Cricket: Dale does his best to match heroes

Glenn McGrath's one-day partner is a late developer with the World Cup in his sights.
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THAT MAN at the other end from Glenn McGrath is Adam Dale. It is as well to remember this now, because when the World Cup is played in May he is likely to have a profound influence on Australia's destiny. He has spent the past month forging a formidably mean one-day new-ball partnership with the world's leading speed merchant.

They complement each other wonderfully. McGrath is the type of fast bowler who comes battering on the front door, forcing his credentials under your nose so you cannot help but stand up and take notice. Dale is the sidekick who sneaks in the side entrance, gives you the once over and gradually makes you feel distinctly uneasy.

From the opening match of the Carlton & United Series in Brisbane he has been relentlessly accurate, keeping the ball up to the bat, swinging it a little, hitting the seam, inviting the error. Only last Sunday, when Sanath Jayasuriya entered full destructive mode in Perth, has he been treated with anything less than forelock tugging, forward defensive respect.

"That was some way to go, and he's some batsman," said Dale. "I didn't think I was doing anything other than normal and he was just blasting me round the place. I asked somebody what I should do and was told there was nothing you can do."

Dale conceded 51 runs in six overs, the consolation being that he was not the first bowler to be Sanathed. That mauling apart (and it was splendid to watch, no matter what it did for the bowler's trust in the dictum that line and length bring their own reward) his bowling has yielded fewer than three runs an over throughout the triangular tournament.

"I'm trying to make the batsman think all then time, giving him nothing that he might take a fancy to," he said. "I just keep it there. I know I'm not the quickest bowler around so I have to use other weapons."

Dale's action is polished and fluid and he is lovely to watch with the white new ball. He is 29 and provides convincing evidence that not every Australian international cricketer was discovered in the cradle and had his name put down for Adelaide Academy before learning to walk.

Born and brought up in Victoria, he was overlooked for all the state age-group sides and was never assumed to be Sheffield Shield material. On moving to Queensland - "for work reasons, not cricketing ones" - the opposition was similarly stiff, but his accuracy earned him a place in the state squad. There he came under the influence of John Buchanan, whose services were dispensed with by Middlesex after only one summer in 1998, but who is still considered a guru in northern Australia.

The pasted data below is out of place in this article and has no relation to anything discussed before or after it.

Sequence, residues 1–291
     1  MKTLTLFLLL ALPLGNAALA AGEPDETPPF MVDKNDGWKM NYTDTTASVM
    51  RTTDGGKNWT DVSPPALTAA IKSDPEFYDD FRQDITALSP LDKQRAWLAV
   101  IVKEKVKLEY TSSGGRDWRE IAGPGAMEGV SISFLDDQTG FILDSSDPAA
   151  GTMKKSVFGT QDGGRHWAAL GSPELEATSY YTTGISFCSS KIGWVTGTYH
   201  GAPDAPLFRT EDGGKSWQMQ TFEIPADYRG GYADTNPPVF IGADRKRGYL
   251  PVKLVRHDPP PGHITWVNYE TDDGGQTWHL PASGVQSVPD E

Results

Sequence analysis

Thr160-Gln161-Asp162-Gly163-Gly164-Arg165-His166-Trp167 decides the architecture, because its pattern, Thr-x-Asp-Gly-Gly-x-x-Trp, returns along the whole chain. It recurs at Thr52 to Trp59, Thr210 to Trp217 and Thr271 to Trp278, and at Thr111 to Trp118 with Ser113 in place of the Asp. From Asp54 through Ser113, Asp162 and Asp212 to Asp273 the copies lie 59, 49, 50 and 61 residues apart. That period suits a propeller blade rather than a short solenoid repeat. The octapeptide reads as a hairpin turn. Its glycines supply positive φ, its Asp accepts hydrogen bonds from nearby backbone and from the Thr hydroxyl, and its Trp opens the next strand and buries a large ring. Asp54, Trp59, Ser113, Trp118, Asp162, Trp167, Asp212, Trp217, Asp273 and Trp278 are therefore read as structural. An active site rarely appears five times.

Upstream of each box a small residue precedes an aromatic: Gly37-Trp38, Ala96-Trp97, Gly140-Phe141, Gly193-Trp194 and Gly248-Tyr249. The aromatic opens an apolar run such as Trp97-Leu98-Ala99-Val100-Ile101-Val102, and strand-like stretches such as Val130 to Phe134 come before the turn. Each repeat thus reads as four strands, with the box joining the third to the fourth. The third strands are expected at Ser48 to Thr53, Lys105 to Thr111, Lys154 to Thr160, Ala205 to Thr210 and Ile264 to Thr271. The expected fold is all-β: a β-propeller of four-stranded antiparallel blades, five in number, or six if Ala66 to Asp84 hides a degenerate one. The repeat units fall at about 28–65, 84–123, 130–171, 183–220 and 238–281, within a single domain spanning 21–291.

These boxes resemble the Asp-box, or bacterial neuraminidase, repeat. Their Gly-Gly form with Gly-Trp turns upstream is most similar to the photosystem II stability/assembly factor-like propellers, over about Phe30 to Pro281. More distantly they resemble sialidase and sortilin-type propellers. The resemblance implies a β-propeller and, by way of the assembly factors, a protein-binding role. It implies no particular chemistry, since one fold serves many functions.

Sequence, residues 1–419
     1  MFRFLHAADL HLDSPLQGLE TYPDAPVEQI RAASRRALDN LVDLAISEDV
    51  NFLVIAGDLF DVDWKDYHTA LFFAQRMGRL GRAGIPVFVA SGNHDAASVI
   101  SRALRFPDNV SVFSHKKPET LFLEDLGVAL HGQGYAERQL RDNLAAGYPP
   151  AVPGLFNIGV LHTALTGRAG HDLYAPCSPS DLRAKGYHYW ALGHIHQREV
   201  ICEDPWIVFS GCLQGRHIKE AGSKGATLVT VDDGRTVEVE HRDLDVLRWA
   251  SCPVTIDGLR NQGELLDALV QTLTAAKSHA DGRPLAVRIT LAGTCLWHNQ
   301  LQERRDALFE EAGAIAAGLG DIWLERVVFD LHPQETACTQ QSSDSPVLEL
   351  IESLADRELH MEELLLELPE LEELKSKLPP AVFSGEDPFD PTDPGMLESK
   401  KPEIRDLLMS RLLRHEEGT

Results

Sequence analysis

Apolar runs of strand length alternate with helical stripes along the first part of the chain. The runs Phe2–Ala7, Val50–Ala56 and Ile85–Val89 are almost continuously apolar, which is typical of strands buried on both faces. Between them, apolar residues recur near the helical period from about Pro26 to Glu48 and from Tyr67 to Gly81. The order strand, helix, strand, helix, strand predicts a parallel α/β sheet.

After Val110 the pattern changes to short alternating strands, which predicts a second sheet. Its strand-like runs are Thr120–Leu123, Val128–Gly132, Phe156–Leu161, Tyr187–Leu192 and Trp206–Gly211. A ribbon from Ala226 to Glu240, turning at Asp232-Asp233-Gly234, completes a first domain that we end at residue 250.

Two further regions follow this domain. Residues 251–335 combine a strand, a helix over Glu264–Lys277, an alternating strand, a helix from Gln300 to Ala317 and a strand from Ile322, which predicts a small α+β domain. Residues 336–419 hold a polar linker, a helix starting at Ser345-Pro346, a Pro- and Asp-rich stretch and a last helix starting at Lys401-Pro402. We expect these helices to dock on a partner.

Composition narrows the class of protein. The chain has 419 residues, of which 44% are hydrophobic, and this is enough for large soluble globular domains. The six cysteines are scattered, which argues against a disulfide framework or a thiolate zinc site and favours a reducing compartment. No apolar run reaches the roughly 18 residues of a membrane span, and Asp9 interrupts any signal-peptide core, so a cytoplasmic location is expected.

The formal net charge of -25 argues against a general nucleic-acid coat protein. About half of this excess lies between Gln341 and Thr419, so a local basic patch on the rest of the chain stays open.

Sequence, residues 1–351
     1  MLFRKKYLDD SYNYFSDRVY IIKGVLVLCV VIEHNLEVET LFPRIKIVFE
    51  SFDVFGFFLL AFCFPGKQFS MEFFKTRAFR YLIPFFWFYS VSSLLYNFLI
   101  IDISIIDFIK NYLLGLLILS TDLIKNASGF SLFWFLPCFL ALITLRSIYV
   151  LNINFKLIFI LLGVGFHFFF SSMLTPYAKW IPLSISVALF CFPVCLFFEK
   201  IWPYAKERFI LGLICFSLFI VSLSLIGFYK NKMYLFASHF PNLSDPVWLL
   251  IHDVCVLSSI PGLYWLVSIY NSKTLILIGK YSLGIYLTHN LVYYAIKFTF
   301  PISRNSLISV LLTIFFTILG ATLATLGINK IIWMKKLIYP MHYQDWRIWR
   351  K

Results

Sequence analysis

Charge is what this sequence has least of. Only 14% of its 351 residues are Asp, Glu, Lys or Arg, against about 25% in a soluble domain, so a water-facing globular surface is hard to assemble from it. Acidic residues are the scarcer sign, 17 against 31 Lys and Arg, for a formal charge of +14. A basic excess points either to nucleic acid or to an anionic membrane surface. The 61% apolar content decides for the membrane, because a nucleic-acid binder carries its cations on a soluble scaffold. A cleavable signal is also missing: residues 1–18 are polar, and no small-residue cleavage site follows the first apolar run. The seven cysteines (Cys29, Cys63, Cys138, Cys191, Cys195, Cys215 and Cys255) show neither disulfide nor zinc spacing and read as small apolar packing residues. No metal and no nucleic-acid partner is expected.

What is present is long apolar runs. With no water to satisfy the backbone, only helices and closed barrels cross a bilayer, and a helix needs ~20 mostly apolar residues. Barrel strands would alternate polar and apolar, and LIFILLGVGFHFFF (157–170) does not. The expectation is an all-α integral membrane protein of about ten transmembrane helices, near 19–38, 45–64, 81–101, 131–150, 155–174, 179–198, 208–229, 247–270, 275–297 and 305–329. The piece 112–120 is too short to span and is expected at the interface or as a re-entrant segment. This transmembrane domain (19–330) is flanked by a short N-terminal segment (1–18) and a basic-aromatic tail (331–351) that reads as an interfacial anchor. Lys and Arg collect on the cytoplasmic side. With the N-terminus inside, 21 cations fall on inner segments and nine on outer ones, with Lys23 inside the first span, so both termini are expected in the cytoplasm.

"He has the ability to speak to players as individuals, to bring out the best of them, to express what they can and can't do well and how they might improve," said Dale. "He surrounded himself with exceptionally good coaching staff and I learned a lot there. I don't know if I'd have got as far as this without their help, but everything just fell into place with moving jobs and getting that sort of encouragement."

Dale broke into the Queensland side and at the end of his first full season took nine wickets in the Sheffield Shield final against Western Australia in Perth. He was just thinking what a pretty good effort that was when he was told he was on the Australian tour of South Africa.

"I hadn't thought a thing about it. It's still a matter of wonder to me that I'm bowling in the same side as Glenn McGrath and Shane Warne. These guys are heroes to me. I'm still full of nerves whenever I play for Australia. You ought to see me in my room beforehand."

Dale has played one Test match, on the tour of India last winter, notable for being a series that Australia actually lost under Mark Taylor's captaincy. They were already 2-0 down when Dale was selected for the final match, and although they won he has not been picked again.

The chances are that his relative lack of penetration in the longer game make him easier to overlook, and he is probably likely to remain a one- day specialist. "Of course the fundamental skills are the same, but they are evolving differently. There are things I do as a bowler in the longer game that I just wouldn't do in the one-day game."

He is still so in awe of it all that he would not be drawn on his chances of being in England for the World Cup. He toured Scotland and Ireland last summer with Australia A and suspects, no more, that the pitches might suit him. It was important not to encourage him too much in this regard but the vision of him making the ball hit the seam and moving it laterally next spring is not easily dismissed.

In common with most Australian cricketers, his international duties do not prevent him holding down a full-time job. True, his promotions post with the rugby shirt makers, Canterbury, means he can have time off when he wants but he still has to return between matches. He not only still plays for Queensland when available but also for his club, Wynum Manly, where one of his team-mates is Stuart Law.

"I enjoy playing, but the standard is so high that if I didn't play and somebody else did well in my place then I might not get back. There's real competition." So said the man who partners Glenn McGrath.